PURPOSE: (i) To report the prevalence of participants to a first-line intervention for OA in Sweden using over-the-counter (OTC) and/or prescribed NSAIDs; (ii) To estimate the accuracy of dispensed prescriptions of NSAIDs recorded in a Swedish health-care register to capture the use of NSAID considering clinician-report as reference standard.
METHODS: Register-based study. We used data from OA individuals who participated in the Swedish first-line intervention recorded in the Swedish Osteoarthritis Register (SOAR). SOAR includes clinician-reported use of NSAIDs in the three months preceding the intervention. We used the Prescribed Drug Register to retrieve data on NSAID prescriptions dispensed in the same period. We estimated the prevalence of OTC users (individuals with clinicians-reported use of NSAID but no prescription dispensed), prescription users (individuals with clinicians-reported use of NSAID and a prescription dispensed) and non-users (neither of the previous). We calculated sensitivity, specificity, positive predictive value, and negative predictive value of dispensed prescriptions of NSAIDs vs clinician-report.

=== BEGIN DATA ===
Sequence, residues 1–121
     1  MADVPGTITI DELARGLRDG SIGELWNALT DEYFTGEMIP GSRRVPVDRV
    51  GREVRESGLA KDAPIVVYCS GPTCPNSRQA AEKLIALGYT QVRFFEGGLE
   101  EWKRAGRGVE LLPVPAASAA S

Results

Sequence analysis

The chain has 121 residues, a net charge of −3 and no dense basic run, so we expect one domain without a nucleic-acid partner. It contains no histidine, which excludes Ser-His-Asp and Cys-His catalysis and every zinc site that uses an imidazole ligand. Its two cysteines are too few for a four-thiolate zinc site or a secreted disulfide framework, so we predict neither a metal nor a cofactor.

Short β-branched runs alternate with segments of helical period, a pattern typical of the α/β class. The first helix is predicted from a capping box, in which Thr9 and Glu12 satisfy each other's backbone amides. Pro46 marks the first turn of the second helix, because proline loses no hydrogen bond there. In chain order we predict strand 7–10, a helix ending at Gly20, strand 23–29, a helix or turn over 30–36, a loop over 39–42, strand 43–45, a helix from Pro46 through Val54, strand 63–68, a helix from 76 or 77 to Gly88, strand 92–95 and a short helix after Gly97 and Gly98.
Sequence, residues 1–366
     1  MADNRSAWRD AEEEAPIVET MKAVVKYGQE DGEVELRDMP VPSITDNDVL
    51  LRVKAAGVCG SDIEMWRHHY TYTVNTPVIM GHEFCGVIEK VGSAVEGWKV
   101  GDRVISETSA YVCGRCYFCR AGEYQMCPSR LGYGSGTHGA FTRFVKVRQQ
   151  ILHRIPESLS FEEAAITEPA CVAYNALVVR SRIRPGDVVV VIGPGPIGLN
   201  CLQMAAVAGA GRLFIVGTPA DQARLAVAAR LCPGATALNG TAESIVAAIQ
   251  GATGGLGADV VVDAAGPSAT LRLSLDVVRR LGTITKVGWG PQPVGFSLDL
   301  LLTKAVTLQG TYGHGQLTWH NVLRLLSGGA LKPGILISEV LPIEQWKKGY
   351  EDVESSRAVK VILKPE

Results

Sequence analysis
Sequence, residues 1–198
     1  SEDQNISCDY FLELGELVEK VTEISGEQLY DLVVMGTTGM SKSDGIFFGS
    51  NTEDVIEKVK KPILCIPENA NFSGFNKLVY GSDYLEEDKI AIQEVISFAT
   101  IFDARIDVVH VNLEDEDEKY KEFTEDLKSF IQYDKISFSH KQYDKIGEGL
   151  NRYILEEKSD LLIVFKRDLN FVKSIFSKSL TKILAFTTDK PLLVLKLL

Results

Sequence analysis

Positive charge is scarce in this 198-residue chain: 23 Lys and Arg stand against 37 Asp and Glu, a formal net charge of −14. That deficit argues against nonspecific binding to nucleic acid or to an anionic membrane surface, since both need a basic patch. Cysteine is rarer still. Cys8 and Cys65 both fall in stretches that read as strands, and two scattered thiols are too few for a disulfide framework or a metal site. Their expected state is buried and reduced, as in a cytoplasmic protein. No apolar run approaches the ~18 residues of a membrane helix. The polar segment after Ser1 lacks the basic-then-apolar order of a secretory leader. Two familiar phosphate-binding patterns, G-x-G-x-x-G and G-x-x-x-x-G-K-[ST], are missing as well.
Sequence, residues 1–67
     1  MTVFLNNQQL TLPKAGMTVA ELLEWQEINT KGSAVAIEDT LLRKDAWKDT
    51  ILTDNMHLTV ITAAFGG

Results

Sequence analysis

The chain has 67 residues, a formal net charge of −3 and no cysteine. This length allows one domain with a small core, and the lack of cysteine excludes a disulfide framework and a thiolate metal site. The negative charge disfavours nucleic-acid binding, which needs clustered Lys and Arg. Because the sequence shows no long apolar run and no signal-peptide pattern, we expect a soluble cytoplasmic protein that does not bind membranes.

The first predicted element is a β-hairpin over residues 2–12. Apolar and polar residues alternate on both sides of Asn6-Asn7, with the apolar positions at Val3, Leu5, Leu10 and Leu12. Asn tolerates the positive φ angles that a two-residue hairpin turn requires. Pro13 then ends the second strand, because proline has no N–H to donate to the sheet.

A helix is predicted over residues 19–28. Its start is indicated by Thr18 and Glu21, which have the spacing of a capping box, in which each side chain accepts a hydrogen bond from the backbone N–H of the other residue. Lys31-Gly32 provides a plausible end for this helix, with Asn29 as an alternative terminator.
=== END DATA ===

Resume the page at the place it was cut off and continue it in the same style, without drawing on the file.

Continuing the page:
RESULTS: We included 116,162 individuals (mean age [Standard Deviation]: 66 [9.6] years, 79% women, 77% knee OA). Overall, 24.7% (95% Confidence Intervals [CI] 24.5%; 25.0%) used OTC NSAIDs only, 18.2% (18.0%; 18.5%) used prescribed NSAIDs, 6.6% (6-4%; 6.7%) reported not using NSAIDs while having an NSAID prescription dispensed. Of the 49,913 individuals with clinician-reported use of NSAIDs, 21,190 had a prescription dispensed (sensitivity: 42.5% [95% CI 42.0%, 42.9%]; positive predictive value: 73.5% [73.0%, 74.0%]). Of the 66,249 individuals reporting not using NSAIDs, 58,617 did not have a prescription dispensed (specificity: 88.5% [88.2%, 88.7%]; negative predictive value: 67.1% [66.8%, 67.4%]).
CONCLUSION: Overall, 24.7% of participants in a first-line intervention for OA used OTC NSAIDs only while 18.2% used prescribed NSAIDs. Dispensed prescriptions of NSAIDs have high specificity but low sensitivity and can correctly identify about 70% of both the non-users and users in this population.
Bibliographical note© 2023 Dell’Isola et al.
Subject classification (UKÄ)
- Public Health, Global Health, Social Medicine and Epidemiology